“We want to connect 80 percent of our people into groups in 2021,” announced Pastor Kevin Berry. That seemed like a loaded statement. To start, the church only had 19 percent of their adult worship attendance in groups. Next, small groups had never been a high priority at the church. Lastly, did you catch the date? 2021 was just more of the chaos and uncertainty of 2020, but God gave Pastor Kevin a vision. Here’s what happened.
Mount Hope is an Assemblies of God church in Lansing, Michigan. They have an in-person worship attendance of 1,000 adults and an online worship attendance of 500 (2021). The church was founded in 1925 but became what it is today under the leadership of Pastor Dave Williams (1981-2012) and is currently led by Pastor Kevin Berry. Mount Hope is known for global missions and supports works in over 150 countries. They are also known for serving their local community. Mount Hope has a goal to reach everyone within a 50 miles radius of Lansing, which they call the “Soul Zone.” But, small groups have never been a high priority for the church until this year.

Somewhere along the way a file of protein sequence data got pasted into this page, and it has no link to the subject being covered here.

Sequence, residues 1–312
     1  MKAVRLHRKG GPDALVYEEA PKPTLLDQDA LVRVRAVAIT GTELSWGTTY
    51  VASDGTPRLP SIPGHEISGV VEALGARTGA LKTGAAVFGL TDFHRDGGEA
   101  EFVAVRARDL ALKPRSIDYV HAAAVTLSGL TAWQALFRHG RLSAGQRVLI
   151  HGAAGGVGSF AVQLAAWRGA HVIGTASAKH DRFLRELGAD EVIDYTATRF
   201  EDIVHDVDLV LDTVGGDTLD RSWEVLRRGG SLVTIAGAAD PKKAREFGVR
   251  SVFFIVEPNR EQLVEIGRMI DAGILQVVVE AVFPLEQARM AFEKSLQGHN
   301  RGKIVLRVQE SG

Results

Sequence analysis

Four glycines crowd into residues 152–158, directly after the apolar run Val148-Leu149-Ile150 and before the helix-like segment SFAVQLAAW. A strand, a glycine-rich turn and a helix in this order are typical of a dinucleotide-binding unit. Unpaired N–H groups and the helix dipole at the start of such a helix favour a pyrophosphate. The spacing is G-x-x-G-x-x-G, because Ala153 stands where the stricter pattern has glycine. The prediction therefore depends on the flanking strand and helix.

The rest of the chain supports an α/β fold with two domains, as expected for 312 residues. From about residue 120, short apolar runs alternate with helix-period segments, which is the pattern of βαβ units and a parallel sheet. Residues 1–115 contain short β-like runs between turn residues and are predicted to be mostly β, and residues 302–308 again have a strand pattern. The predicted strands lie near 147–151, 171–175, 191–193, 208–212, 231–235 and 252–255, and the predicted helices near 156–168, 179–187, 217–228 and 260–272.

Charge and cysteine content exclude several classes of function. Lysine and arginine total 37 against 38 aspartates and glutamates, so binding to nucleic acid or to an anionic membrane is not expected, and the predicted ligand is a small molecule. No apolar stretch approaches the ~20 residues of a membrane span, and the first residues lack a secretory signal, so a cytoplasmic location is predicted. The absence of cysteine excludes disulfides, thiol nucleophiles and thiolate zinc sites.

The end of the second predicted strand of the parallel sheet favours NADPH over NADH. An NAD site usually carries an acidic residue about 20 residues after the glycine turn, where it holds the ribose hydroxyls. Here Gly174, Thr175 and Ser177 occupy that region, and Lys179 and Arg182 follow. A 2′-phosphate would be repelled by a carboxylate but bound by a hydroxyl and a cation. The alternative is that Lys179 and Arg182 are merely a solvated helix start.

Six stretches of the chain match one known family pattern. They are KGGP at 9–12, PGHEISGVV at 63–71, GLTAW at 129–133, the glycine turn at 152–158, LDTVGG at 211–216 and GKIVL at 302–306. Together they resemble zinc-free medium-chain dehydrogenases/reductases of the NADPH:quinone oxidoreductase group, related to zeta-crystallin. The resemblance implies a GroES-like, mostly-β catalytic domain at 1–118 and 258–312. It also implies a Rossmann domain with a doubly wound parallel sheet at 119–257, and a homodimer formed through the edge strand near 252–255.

Mount Hope began 2021 without a Life Group Pastor and only 29 groups. After a conversation with Pastor Kevin in early 2021, the Mount Hope Executive Team decided to hire me (Allen White) as their outsourced Life Group Pastor for 12 months. Our goal is to connect 80 percent of the average adult worship attendance into groups, connect every leader with a coach, and develop leaders for longer term service.
The Senior Pastor Led the Charge
The vision caster for every church is the senior pastor. It just makes sense. The senior pastor hears from God and shares the vision with the people. In this case, Pastor Kevin became the spokesman for small groups. He announced the series. He invited people to gather their friends, open their homes, and host online groups. He asked them to text “Host” to the church’s text line, then asked them to meet him after the service for a host briefing, which he introduced then handed off to other staff.